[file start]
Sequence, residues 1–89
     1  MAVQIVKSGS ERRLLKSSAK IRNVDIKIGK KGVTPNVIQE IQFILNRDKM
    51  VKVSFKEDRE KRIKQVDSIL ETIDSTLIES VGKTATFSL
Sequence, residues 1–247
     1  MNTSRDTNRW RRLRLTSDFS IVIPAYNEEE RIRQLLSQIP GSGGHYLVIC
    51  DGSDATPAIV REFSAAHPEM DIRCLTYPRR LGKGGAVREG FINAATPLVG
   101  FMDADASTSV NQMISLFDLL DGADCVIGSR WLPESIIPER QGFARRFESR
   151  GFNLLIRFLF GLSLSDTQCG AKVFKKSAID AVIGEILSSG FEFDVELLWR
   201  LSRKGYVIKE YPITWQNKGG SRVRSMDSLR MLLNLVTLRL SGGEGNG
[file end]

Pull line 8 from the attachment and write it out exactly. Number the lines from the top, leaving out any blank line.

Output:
   151  GFNLLIRFLF GLSLSDTQCG AKVFKKSAID AVIGEILSSG FEFDVELLWR